How the hell did “write what you know become” the most opt-repeated piece of writing advice anyway?
Maybe it’s because it’s the first advice many of us ever received. Certainly it seems like it should be beginner advice.
I can see it perfectly: a student of sixteen or seventeen hunched over his/her desk at school, pencil in hand poised above a sheet of three-hole-punched, lined loose leaf.
(Am I totally dating myself with this memory in longhand? Do high school students even write by hand in school anymore? The pencil in this vision isn’t even mechanical).
What responsibility, if any, does a writer have to society?
This was the question I posted to the message board of the writer’s group I run to be the discussion topic for our next meeting.
I knew at the time of writing it that it was a provocative question – one that different people might interpret in different ways. Regardless, I was sure it would result in a lively, interesting discussion as my writer’s group meetings always are.
What I didn’t expect, however, was the overwrought response on the message board from an out-of-nowhere, aggrieved and impassioned troll.
Most people, I think, agree that moving is the pits.
This even includes moves that one has planned well in advance and will ultimately result, like the Jeffersons pictured above, in a move on up.
Imagine then, the perspective of one forced to move against his/her will. This is the very situation I now find myself in. Not because I threw too many parties or trashed my apartment or was otherwise a horrible tenant.
Rather, they call it “renoviction” – a practice that occurs often enough in Vancouver, British Columbia to warrant its own regionally-specific Wiktionary entry:
Well, I found a stock photo of it so it can’t be that unusual.
As a writer, I trade upon odd and unusual characteristics.
Conventional writing wisdom says that a story’s protagonist, no matter how much of an everyday, person-in-your-neighbourhood s/he’s meant to represent, should possess some special quality – something that not only makes him/her memorable but also plays a role in motivating and ultimately resolving the story’s plot.
I mine a lot of my own life in my creation of characters – both my own characteristics and those of people I observe. I then proceed to spend months and years with these fictional people, to the point that they become like real people to me: fully-realized, self-determining, and with certain traits in common with me.
This, I suppose, has the effect of inuring me to my own oddities.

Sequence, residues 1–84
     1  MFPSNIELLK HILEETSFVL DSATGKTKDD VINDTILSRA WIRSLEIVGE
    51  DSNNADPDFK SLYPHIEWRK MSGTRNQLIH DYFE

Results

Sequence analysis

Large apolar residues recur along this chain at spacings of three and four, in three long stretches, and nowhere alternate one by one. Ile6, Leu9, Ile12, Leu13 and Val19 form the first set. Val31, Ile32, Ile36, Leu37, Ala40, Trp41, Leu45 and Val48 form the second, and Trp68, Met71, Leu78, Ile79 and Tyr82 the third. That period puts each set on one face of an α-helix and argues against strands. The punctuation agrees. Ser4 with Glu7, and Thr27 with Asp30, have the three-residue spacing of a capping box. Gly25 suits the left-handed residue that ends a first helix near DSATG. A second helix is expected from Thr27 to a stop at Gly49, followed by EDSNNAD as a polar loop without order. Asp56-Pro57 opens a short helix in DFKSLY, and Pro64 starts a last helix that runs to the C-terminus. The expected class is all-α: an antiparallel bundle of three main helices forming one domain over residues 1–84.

The morning began as most as winter workdays do, which is to say dark, and because of that, what felt far too early to me.
This year, I made a conscious effort to remember my writing birthday – to commemorate it on the actual day, or if nothing else, to at least make note of it. February 12: in truth, an arbitrarily-chosen day meant to mark the start of my first (incomplete, shelved) novel as approximated through a forensic accounting some emails I sent to a friend around that time.
I’m an Aquarius writer.
Ever since my very first Amazon book purchase on October 25, 2002, I’ve never stopped debating myself on the value of customer book reviews.
(If you ever want to enjoy a nostalgia-filled blast through the past, go through your Amazon purchase history order by order, year by year, back to the very beginning.)
On the one hand, professional reviewers aren’t always giving in-depth reviews of the books I read or want to read. As well, there are way more customer reviewers out there; the law of averages alone suggests I’m more likely to share tastes with an amateur than a pro, many of whom fall into more similar social demographics to each other than to me.
I should qualify this by saying I mean the end of my novel.
(Were I talking the end of my life, my thoughts would be considerably different, and if nothing else, I’d perhaps be referring back to this post about my bucket list.)
Ending a novel is hard. The fact that I’ve done it twice thus far in my writing career hasn’t made it any easier. Perhaps this is because only once did I consciously do so since my “two-book” series-in-progress grew to three books initially without my realizing it.